How schools welcomed children back after lockdown
SCHOOLS have described the challenges of welcoming back children who had been home learning for two months during the latest lockdown.
COVID-19 testing has been put in place, for everyone in secondary schools and teachers in primaries. And staff have faced the challenge of getting back into the classroom routine.
Head teachers at schools in the Yate and Sodbury area say the return to school has gone smoothly so far, with many staging welcoming events such as delayed World Book Day celebrations.
At Woodlands Primary in Sundridge Park, Yate (pictured above), head teacher Rachel Dean said: “We celebrated Woodlands World Book Day together, when all pupils had returned to school.
"This not only promoted reading across Woodlands but also helped the children feel part of the school community.”
Tyndale Primary (below) deputy head Katie Parkhouse said: "It’s fantastic to have the pupils back where they belong, in the classroom. Although, it's important to note that we’re not telling Tyndale pupils they’re behind and need longer at school to 'catch up'. We’re constantly telling our pupils that they can do it, we’ll help them every step of the way and we believe in them."
In Chipping Sodbury, Raysfield Primary head teacher Claire Hill said: “The school feels alive again; it is great to hear the business of children chattering, laughing and learning in every classroom.”
At Old Sodbury Primary School, business manager Jenny Jackson acknowledged the role that parents have had to play through lockdown, saying: “The feedback on the provision of online learning has been extremely positive and we are grateful for how well families managed over the past 2 months.”
For some children, the return to school after so long at home has been challenging, and schools have put additional support in place.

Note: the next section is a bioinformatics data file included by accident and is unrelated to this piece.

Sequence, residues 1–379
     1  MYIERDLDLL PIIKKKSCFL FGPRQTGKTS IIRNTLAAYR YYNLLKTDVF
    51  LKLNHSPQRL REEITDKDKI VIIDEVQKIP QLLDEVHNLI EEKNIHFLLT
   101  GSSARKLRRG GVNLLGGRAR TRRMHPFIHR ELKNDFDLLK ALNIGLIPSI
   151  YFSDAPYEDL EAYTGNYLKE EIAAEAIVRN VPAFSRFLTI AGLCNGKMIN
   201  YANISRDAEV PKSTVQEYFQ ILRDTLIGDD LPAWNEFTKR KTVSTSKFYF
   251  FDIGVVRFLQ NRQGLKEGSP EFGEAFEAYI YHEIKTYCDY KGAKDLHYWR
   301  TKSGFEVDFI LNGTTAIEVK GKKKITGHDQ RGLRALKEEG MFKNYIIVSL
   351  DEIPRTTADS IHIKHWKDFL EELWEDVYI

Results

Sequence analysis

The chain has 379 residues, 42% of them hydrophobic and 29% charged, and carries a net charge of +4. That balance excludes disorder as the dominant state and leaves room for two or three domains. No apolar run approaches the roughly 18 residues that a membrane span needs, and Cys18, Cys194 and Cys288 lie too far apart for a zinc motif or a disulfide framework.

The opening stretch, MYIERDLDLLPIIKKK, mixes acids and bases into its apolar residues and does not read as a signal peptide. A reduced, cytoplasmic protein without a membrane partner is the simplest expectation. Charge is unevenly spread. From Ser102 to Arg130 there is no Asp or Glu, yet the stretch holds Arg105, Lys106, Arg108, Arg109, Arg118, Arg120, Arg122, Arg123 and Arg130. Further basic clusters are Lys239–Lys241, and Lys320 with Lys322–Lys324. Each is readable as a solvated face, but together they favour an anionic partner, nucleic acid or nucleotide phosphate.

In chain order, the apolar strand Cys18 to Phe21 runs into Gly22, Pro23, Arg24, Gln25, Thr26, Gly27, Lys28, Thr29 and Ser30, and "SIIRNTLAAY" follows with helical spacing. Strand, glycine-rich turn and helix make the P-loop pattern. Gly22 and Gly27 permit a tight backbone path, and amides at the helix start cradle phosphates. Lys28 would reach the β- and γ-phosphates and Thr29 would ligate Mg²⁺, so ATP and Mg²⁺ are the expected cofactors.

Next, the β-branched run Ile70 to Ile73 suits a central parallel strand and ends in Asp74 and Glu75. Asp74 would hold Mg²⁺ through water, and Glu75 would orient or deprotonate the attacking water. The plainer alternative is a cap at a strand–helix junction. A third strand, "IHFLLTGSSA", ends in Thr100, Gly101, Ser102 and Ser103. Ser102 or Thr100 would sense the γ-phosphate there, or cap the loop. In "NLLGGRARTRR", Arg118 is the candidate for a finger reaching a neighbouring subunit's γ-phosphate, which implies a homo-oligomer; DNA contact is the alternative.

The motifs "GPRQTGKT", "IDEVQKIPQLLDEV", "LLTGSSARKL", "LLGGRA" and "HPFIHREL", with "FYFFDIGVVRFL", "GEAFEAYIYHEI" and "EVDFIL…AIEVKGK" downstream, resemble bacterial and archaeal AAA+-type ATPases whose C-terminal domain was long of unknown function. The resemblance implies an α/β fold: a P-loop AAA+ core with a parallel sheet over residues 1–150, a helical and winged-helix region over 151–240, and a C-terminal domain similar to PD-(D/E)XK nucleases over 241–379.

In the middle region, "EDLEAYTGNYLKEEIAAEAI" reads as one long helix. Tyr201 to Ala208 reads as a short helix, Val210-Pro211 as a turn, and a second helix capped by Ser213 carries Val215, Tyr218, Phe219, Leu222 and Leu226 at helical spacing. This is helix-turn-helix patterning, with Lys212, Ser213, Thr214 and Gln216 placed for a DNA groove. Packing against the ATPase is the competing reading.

At Brimsham Green School in Yate, assistant head teacher Jo Hewitt said: “Our pastoral team made contact with many of our students prior to return, including home visits to support them with the transition."
She said every pupil was able to voice any feelings or worries they had about going back with either their tutor or head of house.
Yate Academy head teacher Izzy Ambrose said that for some pupils it was an anxious time.
She said: “We were in close contact with all students on a weekly basis during lockdown through weekly phone calls and have worked closely with students and parents to ensure the transition was a positive one.”
There is recognition at all the schools that children who have been away from their peers need extra time to catch up socially.
Raysfield Primary School outdoor classroom
At the Ridge Junior School in Yate a focus on outdoor activities has helped.
Head teacher Philip Bout said: “During half term we had a new outdoor amphitheatre installed and the staff will be taking the pupils out as often as possible for drama and creative activities.”
The latest challenge to add to year group bubbles, hand sanitising, one-way systems and remote learning has been COVID-19 lateral flow testing: a complicated organisational task for secondaries, where all pupils and staff have to be tested twice per week.
School leaders are now looking ahead hoping that, despite working within new restrictions, the worst is now behind them.